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Much like the California Raisins, spokescandies are doomed little snack foods who are anthropomorphized and then forced to convince others to eat them.

The most famous spokescandies may be the Red, Green, and Yellow M&M, who have even been in Superbowl commercials - heck, they've even tasted each other in an attempt to convince us of how luscious they are. Others, like Mr. Tic Tac, were dreamed up and then aborted on the cutting-room floor.

Sasha Gabba Hey! notes that Gogurt ads portray the artificial yogurt treat as "some fruity stuff in a tube that little kids are supposed to eat for recess. They get excited about having their heads ripped off and their guts sucked out. Their words, not mine. Talking M&Ms I can take, but I find those things kind of disturbing."

As James Lileks of lileks.com points out, "What's noteworthy - and slightly touching, in a way - is that (these mascots) identify with (their) captors more than (their) own kind. It's not unusual for this manifestation of the Stockholm Syndrome to be found in mascots - Charlie the Tuna is perhaps the most notable example. A sure sign of this mental disorder is the adoption of human dress."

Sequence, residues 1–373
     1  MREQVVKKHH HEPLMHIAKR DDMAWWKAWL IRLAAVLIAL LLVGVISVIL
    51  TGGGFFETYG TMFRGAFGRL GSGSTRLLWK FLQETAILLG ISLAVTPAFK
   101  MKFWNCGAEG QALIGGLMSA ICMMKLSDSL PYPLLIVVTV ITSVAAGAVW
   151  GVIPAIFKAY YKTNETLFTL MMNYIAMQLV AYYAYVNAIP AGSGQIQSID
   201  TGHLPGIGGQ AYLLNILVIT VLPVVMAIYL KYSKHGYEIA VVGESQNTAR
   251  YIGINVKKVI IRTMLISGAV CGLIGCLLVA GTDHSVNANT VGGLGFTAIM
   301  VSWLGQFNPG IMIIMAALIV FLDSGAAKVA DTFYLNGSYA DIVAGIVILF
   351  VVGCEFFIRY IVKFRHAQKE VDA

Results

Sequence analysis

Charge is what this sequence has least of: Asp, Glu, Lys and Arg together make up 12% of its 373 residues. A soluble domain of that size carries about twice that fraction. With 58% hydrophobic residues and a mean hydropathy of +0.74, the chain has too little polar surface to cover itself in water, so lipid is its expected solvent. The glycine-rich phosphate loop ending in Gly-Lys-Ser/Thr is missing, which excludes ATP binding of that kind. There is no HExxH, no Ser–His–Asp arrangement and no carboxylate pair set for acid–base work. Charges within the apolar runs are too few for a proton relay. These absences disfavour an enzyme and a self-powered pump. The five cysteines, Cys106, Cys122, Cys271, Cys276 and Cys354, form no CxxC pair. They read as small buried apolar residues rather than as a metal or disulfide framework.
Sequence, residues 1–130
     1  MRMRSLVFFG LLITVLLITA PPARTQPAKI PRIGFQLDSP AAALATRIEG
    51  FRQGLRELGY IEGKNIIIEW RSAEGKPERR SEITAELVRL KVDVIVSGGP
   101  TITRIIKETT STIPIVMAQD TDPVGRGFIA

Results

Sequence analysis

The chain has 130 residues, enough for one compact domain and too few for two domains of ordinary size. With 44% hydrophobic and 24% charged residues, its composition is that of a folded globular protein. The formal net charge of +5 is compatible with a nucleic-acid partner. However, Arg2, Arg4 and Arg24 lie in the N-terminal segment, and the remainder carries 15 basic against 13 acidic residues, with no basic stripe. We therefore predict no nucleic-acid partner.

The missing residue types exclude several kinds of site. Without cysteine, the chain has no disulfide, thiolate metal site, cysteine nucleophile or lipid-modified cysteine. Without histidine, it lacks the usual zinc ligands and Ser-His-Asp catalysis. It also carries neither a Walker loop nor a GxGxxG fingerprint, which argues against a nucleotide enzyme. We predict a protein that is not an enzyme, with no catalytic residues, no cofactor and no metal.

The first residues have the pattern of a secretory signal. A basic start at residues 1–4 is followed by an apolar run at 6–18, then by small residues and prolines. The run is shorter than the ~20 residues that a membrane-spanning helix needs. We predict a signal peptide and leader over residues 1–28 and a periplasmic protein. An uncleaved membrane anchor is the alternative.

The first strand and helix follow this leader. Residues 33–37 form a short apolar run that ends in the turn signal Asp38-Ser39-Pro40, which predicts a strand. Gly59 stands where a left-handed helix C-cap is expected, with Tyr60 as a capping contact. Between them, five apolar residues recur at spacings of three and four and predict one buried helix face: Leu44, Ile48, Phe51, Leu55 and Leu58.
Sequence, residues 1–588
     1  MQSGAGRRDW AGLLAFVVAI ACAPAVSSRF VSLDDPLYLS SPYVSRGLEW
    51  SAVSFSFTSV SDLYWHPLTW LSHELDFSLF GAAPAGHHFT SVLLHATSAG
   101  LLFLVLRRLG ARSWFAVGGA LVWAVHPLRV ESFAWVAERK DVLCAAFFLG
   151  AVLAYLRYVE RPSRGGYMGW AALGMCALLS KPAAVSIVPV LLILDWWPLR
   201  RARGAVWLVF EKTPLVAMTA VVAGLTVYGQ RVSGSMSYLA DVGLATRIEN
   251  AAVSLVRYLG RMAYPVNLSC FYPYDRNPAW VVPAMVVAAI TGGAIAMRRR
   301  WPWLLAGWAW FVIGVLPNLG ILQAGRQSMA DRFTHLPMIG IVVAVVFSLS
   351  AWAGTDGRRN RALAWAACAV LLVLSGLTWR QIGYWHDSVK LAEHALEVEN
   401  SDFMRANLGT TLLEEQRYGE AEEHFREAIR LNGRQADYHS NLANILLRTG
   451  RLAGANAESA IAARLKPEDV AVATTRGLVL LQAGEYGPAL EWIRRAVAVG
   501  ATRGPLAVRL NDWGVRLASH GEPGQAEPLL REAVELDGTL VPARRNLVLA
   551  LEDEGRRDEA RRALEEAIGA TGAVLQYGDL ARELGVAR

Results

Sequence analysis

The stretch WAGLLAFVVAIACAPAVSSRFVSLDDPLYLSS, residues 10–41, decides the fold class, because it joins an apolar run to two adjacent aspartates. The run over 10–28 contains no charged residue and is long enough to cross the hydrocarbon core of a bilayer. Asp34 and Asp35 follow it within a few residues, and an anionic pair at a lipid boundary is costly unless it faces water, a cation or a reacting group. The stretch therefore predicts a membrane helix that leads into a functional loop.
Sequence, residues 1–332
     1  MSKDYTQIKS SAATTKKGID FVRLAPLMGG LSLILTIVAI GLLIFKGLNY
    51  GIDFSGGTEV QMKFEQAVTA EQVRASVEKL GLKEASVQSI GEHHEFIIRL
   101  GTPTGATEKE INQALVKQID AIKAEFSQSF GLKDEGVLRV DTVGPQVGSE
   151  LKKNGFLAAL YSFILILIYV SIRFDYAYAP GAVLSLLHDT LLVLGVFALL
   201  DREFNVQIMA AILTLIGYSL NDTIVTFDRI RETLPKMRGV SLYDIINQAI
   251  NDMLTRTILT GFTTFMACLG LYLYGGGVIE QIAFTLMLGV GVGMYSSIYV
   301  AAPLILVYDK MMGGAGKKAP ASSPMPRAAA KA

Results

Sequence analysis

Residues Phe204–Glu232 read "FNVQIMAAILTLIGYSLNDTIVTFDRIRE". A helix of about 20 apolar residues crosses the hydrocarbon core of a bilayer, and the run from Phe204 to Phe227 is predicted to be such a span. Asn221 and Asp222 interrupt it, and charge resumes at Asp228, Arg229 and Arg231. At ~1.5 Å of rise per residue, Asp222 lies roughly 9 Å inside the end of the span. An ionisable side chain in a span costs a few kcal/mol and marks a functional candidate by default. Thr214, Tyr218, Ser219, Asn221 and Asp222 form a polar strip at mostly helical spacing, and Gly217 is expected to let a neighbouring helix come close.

Breakdancing, top-hatted, cane-twirling Mr. Peanut is the mascot of all mascots, by that standard, and the predecessor of our spokescandies. You might say there's a little Mr. Peanut inside of every great big talking M&M... or at least the yellow one.

And -- as Ouroboros points out -- if Mr. Peanut serves as the beginning of this tragic line, the "meet the meat" scene at the Restaurant at the End of the Universe, (with its talking cow begging diners to try a rib), must conclude it. Fortunately, most candy companies have chosen to spare us the sight of a Charlie the Tuna, Mr. Happy Egg or the even stranger Mr. and Mrs. Corn-Soya insisting that we eat them. However, with the success of the animated M&Ms, the sky may be the limit.

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